35. 35. Bernstein M, Luggen A. Nutrition for the older adult. Jones & Bartlett Learning; 2010.
  36. 36. Yatani K, Truong KN. BodyScope: A Wearable Acoustic Sensor for Activity Recognition. In: UbiComp’12: Proceedings of the 2012 ACM Conference on Ubiquitous Computing. ACM; 2012. p. 341–350.
  37. 37. Rahman T, Adams AT, Zhang M, Cherry E, Zhou B, Peng H, et al. BodyBeat: A Mobile System for Sensing Non-Speech Body Sounds. In: MobiSys’14: Proceedings of the 12th annual international conference on Mobile systems, applications, and services. ACM; 2014. p. 2–13.
  38. 38. Amft O, Stäger M, Lukowicz P, Tröster G. Analysis of Chewing Sounds for Dietary Monitoring. In: UbiComp 2005: Proceedings of the 7th International Conference on Ubiquitous Computing. Tokyo, Japan; 2005. p. 56–72.
  39. 39. Vacher M, Fleury A, Portet F, Serignat JF, Noury N. Complete Sound and Speech Recognition System for Health Smart Homes: Application to the Recognition of Activities of Daily Living. New Developments in Biomedical Engineering. 2010; p. 645–673.
  40. 40. Schuller B, Dunwell I, Weninger F, Paletta L. Serious Gaming for Behavior Change—The State of Play. IEEE Pervasive Computing Magazine, Special Issue on Understanding and Changing Behavior. 2013;12(3):48–55.
  41. 41. Ringeval F, Eyben F, Kroupi E, Yuce A, Thiran JP, Ebrahimi T, et al. Prediction of asynchronous dimensional emotion ratings from audiovisual and physiological data. Pattern Recognition Letters. 2015;66:22–30.
  42. 42. Hymes D. Introduction: Toward Ethnographies of Communication. American Anthropologist. 1964;66:1–34.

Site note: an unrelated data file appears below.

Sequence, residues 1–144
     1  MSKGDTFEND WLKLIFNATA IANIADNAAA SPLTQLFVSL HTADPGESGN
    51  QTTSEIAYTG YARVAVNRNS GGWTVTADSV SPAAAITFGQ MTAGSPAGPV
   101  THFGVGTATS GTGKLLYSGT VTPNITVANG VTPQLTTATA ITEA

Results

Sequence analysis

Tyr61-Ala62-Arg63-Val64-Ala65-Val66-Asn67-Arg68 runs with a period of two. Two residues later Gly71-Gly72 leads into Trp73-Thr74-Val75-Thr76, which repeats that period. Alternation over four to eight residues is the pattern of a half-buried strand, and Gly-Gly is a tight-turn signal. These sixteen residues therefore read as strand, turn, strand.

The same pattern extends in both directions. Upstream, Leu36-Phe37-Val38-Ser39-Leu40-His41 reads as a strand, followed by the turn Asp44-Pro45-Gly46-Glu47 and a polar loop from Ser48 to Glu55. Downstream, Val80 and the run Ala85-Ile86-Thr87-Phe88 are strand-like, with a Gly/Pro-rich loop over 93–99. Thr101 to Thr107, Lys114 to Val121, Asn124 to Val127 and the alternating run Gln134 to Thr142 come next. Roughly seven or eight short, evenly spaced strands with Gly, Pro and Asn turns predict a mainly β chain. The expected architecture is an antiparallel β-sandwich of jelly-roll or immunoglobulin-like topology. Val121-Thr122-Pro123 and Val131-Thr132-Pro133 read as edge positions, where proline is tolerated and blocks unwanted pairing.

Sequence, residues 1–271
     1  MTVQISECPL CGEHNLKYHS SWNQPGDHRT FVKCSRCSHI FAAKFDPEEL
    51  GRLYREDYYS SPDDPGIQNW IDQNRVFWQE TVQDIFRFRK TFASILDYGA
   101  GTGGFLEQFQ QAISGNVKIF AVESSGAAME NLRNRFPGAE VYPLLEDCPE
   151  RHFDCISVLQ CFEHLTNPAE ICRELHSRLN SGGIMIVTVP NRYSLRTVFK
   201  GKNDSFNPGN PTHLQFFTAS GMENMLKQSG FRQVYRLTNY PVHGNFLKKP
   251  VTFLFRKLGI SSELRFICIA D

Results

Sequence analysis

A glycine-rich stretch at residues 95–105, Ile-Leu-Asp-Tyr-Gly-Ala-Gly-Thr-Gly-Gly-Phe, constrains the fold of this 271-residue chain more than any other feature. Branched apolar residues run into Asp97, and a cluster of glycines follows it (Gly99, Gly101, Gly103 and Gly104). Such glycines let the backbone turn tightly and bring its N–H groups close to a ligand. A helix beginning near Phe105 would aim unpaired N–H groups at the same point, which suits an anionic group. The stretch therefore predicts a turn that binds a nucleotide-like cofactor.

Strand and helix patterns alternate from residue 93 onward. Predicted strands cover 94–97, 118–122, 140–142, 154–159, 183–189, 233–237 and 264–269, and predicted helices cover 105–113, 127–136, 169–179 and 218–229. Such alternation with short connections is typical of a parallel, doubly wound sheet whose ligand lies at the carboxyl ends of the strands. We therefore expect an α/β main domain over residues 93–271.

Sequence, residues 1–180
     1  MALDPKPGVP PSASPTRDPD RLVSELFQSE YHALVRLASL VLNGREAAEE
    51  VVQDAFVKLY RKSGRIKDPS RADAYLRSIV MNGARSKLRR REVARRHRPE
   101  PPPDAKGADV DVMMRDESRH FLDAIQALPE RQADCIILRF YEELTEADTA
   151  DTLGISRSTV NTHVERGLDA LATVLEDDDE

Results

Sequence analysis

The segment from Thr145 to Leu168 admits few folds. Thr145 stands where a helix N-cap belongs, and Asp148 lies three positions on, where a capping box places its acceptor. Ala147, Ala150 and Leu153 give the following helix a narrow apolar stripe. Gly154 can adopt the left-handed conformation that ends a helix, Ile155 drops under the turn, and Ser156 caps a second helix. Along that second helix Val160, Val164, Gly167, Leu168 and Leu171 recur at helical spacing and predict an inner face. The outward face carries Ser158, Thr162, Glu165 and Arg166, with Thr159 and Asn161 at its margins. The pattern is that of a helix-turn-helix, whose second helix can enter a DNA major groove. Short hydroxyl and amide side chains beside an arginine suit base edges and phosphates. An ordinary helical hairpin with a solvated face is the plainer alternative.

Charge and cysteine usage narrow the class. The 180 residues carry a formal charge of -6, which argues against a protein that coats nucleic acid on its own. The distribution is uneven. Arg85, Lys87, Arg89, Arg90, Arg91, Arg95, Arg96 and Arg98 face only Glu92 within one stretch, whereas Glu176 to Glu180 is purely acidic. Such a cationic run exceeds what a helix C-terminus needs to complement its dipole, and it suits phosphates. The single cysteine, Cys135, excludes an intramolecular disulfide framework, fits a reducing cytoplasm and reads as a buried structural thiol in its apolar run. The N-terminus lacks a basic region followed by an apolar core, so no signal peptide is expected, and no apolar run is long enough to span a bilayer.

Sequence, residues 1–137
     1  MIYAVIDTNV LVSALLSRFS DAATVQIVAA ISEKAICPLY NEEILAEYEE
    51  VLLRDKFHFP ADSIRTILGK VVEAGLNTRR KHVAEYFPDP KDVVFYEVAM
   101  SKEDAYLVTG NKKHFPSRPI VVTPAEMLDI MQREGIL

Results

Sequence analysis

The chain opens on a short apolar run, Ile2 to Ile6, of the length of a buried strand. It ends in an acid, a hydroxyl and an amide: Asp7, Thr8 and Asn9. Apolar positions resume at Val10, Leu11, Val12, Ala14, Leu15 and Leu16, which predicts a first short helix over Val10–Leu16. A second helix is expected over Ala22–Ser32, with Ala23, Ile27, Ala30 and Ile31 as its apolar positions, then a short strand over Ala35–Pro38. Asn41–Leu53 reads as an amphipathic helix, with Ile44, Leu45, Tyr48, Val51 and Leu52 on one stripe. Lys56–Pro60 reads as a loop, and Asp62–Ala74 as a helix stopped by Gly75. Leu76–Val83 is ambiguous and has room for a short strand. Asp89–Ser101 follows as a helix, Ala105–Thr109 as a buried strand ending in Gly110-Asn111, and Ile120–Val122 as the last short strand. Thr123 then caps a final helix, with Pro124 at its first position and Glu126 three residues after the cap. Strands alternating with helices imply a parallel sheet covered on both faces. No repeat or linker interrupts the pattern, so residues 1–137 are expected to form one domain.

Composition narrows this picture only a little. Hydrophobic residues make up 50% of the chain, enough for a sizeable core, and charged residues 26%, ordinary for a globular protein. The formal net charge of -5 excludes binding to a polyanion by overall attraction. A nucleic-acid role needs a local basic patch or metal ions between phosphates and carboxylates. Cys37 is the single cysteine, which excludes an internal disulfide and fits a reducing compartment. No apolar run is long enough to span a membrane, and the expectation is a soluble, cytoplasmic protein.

43. 43. Hymes D. The Ethnography of Speaking. In: Gladwin T, Sturtevant WC, editors. Anthropology and Human Behavior. Anthropological Society of Washington; 1962. p. 13–53.
  44. 44. Bendix R. Reden und Essen: Kommunikationsethnographische Ansätze zur Nahrungsethnologie. Österreichische Zeitschrift für Volkskunde. 2004;107:211–238.
  45. 45. Elias N. Über den Prozeß der Zivilisation. Soziogenetische und psychogenetische Untersuchungen. Band 1: Wandlungen des Verhaltens in den weltlichen Oberschichten des Abendlandes / Band 2: Wandlungen der Gesellschaft: Entwurf zu einer Theorie der Zivilisation. Basel: Verlag Haus zum Falken; 1939.
  46. 46. Schuller B, Steidl S, Batliner A, Hantke S, Hönig F, Orozco-Arroyave JR, et al. The INTERSPEECH 2015 Computational Paralinguistics Challenge: Degree of Nativeness, Parkinson’s & Eating Condition. In: Proc. of INTERSPEECH. Dresden, Germany: ISCA; 2015. p. 478–482.
  47. 47. Haderlein T, Moers C, Möbius B, Rosanowski F, Nöth E. Intelligibility Rating with Automatic Speech Recognition, Prosodic, and Cepstral Evaluation. In: Proceedings of Text, Speech and Dialogue (TSD). vol. 6836 of Lecture Notes in Artificial Intelligence. Berlin, Heidelberg: Springer; 2011. p. 195–202.
  48. 48. Povey D, Ghoshal A, Boulianne G, Burget L, Glembek O, Goel N, et al. The Kaldi speech recognition toolkit. In: IEEE 2011 workshop on automatic speech recognition and understanding. EPFL-CONF-192584. IEEE Signal Processing Society; 2011. four pages.
  49. 49. Novak JR, Minematsu N, Hirose K. Failure Transitions for Joint N-gram Models and G2P Conversion. In: INTERSPEECH. Lyon, France; 2013. p. 1821–1825.
  50. 50. Kneser R, Ney H. Improved backing-off for M-gram language modeling. In: ICASSP. vol. 1. Detroit, Michigan, USA; 1995. p. 181–184.
  51. 51. Stolcke A. SRILM—an extensible language modeling toolkit. In: ICSLP. vol. 2. Denver, Colorado, USA; 2002. p. 901–904.
  52. 52. McGraw KO, Wong S. A common language effect size statistic. Psychological Bulletin. 1992;111(2):361–365.
  53. 53. Schuller B. The Computational Paralinguistics Challenge. IEEE Signal Processing Magazine. 2012;29(4):97–101.
  54. 54. Weninger F, Schuller B, Eyben F, Wöllmer M, Rigoll G. A Broadcast News Corpus for Evaluation and Tuning of German LVCSR Systems. CoRR. 2014;abs/1412.4616.
  55. 55. Schuller B, Steidl S, Batliner A, Vinciarelli A, Scherer K, Ringeval F, et al. The INTERSPEECH 2013 Computational Paralinguistics Challenge: Social Signals, Conflict, Emotion, Autism. In: Proc. of INTERSPEECH. Lyon, France: ISCA; 2013. p. 148–152.